I think people feel like there's something wrong with them if they need one of these. I mean, I know people think, "Ooh, I'm getting old. It means that I'm getting old." Well, we're all getting older.
I told you the story of the lady who was in her nineties. Her granddaughter said, "Nan, you need to get a wheelchair." She refused because she felt like it was giving in. She had a fall and broke her hip and went to hospital and ended up dying.
Something recently that happened, do you remember, for Prince Phillip, they had a ceremony in England? The Queen walked down the aisle.
Now, the Queen's 96. They asked her if she wanted a wheelchair. Apparently, the headlines were all, “No, she's not going to give in!” I thought, that's a really sad message, because we shouldn't view it as a weakness.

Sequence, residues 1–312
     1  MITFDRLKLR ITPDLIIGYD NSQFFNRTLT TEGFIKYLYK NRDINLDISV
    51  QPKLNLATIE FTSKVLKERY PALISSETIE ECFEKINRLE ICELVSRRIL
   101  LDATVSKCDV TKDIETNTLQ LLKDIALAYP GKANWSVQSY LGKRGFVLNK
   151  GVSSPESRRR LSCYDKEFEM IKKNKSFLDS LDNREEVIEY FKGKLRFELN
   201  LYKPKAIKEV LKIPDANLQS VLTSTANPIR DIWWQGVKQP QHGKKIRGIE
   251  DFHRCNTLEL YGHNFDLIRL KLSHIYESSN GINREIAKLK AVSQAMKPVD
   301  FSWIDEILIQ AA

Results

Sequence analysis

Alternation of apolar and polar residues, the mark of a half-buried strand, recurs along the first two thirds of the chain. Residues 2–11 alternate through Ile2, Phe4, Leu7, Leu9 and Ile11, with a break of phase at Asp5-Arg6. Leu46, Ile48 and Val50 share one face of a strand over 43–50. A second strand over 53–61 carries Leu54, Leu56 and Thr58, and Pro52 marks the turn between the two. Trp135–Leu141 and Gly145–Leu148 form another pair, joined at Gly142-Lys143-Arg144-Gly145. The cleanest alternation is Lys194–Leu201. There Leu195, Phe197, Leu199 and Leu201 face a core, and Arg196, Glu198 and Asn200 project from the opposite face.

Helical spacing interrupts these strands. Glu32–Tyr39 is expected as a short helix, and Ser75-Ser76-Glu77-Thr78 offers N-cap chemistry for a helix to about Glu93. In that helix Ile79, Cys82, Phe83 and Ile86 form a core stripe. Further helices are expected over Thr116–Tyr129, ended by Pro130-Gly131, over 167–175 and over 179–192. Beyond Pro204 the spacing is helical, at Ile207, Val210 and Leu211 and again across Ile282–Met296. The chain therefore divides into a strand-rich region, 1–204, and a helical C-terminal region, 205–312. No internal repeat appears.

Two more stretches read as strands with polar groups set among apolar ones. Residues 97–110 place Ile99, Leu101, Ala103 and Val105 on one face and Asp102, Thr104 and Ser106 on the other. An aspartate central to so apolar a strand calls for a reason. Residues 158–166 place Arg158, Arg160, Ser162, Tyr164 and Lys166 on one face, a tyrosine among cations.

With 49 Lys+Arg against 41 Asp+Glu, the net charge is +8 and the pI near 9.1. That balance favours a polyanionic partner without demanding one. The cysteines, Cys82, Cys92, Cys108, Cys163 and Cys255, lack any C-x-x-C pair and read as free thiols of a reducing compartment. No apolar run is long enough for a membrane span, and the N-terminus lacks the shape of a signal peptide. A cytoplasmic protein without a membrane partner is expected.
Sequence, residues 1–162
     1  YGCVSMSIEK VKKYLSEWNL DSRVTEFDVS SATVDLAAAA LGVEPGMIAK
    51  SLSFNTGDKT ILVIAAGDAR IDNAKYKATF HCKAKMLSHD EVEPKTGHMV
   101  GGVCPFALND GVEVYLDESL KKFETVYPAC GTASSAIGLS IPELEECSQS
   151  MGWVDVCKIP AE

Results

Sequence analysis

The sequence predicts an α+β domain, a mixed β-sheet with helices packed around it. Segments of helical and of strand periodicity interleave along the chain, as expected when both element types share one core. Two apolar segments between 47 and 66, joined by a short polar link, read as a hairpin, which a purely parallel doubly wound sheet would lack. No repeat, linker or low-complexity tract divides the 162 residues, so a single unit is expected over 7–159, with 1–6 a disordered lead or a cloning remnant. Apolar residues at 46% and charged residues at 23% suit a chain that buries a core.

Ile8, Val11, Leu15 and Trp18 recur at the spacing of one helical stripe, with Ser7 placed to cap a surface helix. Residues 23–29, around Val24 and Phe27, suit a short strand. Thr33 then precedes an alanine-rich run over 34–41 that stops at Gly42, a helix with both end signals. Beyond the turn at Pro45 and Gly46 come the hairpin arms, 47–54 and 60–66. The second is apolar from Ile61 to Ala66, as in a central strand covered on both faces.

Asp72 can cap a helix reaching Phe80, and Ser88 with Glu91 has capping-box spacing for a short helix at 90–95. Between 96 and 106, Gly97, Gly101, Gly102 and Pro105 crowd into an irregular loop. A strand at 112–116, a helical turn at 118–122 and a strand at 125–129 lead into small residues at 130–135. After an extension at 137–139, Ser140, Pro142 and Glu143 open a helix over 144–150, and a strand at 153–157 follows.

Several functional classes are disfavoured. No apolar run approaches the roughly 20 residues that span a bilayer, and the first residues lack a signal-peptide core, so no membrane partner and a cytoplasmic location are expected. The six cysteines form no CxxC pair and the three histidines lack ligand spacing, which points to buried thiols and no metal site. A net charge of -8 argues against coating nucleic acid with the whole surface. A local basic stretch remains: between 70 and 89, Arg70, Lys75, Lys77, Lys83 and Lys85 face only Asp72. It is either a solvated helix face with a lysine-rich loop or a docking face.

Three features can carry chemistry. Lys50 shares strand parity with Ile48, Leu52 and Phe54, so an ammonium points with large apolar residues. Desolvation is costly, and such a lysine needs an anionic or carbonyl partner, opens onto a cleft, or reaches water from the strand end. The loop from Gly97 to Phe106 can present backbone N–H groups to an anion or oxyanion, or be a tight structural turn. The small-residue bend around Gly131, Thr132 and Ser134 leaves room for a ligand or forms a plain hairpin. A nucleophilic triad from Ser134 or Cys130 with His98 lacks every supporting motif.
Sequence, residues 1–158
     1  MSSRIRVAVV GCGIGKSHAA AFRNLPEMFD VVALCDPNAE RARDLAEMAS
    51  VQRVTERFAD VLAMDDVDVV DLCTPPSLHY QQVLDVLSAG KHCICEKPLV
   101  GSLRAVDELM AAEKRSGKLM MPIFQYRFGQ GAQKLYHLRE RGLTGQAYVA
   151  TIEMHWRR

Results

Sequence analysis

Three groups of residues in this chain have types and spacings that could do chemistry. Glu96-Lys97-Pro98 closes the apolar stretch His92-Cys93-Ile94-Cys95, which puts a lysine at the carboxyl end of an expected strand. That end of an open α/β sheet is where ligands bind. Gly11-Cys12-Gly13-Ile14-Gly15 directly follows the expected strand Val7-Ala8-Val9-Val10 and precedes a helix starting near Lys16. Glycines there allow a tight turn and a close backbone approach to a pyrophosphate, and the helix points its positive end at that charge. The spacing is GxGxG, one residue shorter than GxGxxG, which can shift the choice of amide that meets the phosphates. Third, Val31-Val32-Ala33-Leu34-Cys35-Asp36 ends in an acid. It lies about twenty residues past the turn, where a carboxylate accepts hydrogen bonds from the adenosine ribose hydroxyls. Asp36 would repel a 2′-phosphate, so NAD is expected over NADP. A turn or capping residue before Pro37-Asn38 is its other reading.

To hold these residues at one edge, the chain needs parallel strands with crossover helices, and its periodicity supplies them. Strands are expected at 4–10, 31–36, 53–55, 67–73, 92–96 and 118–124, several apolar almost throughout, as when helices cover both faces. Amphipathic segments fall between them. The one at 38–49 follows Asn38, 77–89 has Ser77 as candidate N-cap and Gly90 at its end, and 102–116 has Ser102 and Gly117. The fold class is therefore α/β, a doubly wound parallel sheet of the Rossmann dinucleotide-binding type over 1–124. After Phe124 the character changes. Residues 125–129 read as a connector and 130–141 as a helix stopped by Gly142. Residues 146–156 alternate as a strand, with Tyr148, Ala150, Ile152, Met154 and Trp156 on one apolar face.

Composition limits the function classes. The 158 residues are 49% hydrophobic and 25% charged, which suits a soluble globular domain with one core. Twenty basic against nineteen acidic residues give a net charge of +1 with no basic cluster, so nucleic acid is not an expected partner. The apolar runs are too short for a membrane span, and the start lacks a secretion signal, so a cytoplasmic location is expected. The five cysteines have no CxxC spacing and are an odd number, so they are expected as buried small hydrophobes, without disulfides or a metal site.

It's not a weakness. Why would it be a weakness to use something that makes life easier? That's what I see. If I'm struggling to walk a long way and there's something there that's available for me, that will make my life easier so I can save my energy for something else, then why wouldn't I accept that? That's freedom.
Yeah. That should be more empowering, for other people to see her in that situation.
Exactly. It would've been nice to have seen her embracing that, for other people.
The Queen is probably watching this right now. So please, Your Majesty, start using a wheelchair from now on!
Yes, and get someone to pimp your ride!
You mentioned your PhD earlier. Can you tell us a bit about the work you're doing with that?
Yeah. Well, that all started when COVID hit, again. That word ‘pivot’ … we all know about that.
I'd written a resilience course. My partner David and I had worked on this course together. They were the 12 steps that I took in my recovery.